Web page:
Fast-food workers and their supporters rallied in downtown Los Angeles on Thursday as part of a wave of protests planned in 160 cities around the nation advocating for $15-an-hour pay.
In downtown L.A., protesters gathered for a late morning rally that started near a McDonald’s on Broadway and then headed for City Hall.
Dozens of fast-food workers from Los Angeles to Manhattan were arrested as they escalated a fight for better pay Thursday with strikes, rallies and acts of civil disobedience.
Police arrested 10 people after the protesters linked arms and sat down in front of a McDonald’s in downtown Los Angeles. The sit-in capped a midday march through the urban core by hundreds of workers and their supporters.
In San Diego, 11 marchers were arrested for blocking an intersection in the blue-collar neighborhood of City Heights. Protesters were arrested in several other cities, including New York, Chicago, Las Vegas and Detroit.
Rallies and sit-ins erupted outside fast-food restaurants in more than 100 cities across the country. Organizers backed by local activist groups and the Service Employees International Union have tried to spotlight low wages by staging protests and walkouts in several one-day demonstrations over the last year.
It’s easy to go out there and chant and picket with signs. But the impacts are far-reaching and there are winners and losers here, and probably more losers.- Jot Condie, chief executive of the California Restaurant Assn.
The fast-food industry has accused the union of orchestrating an expensive campaign to bolster its dwindling membership. A sharp hike in wages, they warn, could force restaurants to bump up their prices and thin their workforce.
In downtown Los Angeles, protesters seeking wages of $15 an hour staged a lunchtime march before converging in front of a McDonald’s on Broadway. To the sounds of a beating drum, they cycled through chants such as “We want 15 and a union!” and “Si se puede!” — Spanish for “Yes we can.”
After police warned the crowd to stop blocking traffic lanes, nine fast-food workers and a minister remained seated. They were arrested and led away, their hands bound with plastic zip-ties behind their backs.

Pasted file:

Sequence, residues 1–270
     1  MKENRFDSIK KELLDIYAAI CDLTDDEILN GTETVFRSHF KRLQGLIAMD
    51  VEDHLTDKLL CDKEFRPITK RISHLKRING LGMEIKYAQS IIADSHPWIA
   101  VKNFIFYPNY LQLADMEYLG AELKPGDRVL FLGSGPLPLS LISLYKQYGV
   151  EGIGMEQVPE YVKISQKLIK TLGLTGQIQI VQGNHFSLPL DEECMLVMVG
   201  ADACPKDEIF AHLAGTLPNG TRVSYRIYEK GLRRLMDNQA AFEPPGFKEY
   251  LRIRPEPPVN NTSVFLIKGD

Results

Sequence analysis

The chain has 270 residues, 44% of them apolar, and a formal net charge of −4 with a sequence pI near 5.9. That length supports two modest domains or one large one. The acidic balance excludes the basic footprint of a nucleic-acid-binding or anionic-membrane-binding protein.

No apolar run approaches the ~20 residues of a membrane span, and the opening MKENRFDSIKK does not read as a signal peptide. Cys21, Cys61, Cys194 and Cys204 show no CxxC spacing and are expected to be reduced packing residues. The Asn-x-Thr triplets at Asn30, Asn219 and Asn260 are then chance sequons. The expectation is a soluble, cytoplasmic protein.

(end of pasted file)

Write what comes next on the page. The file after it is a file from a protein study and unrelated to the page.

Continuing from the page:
Before dawn, more than 100 workers congregated at a McDonald’s in L.A.’s Exposition Park. The protesters held up signs and chanted slogans like “Get up! Get down! Fast-food workers run this town!” near a scrum of media trucks.
Many went inside the store for about 10 minutes as workers stood stone-faced behind the cash registers.
Fanny Velazquez, 36, said she was participating in the protest to fight for better wages to support her family. A single mother with three children, ages 11, 14 and 16, she said she struggles to live on $9.34 an hour.
The South Los Angeles resident has been working at McDonald’s for eight years doing a variety of jobs, usually working 20 hours a week, she said. But lately, Velazquez said, the company has often cut her hours to 15 a week. She qualifies for welfare and food assistance.
“It’s difficult, it’s not enough to pay my bills,” she said.
In San Diego, several hundred fast-food workers and their supporters marched past McDonald’s, Burger King and Jack in the Box restaurants. The protesters are “fighting for what we believe is right,” said the Rev. Lee Hill of the United Church of Christ.
The San Diego protest comes as business leaders there are attempting to qualify a measure for the ballot to overturn the City Council’s recent decision to raise the local minimum wage to $11.50 by 2017.
In New York, a crowd of about 300 converged outside a McDonald’s near Times Square at the height of morning rush hour, briefly blocking West 42nd Street. Police arrested about two dozen of the protesters. In the Chicago area, 50 were handcuffed and taken into custody in two separate events.
McDonald’s said in a statement that it respected “everyone’s rights to peacefully protest” and supported “paying our valued employees fair wages.”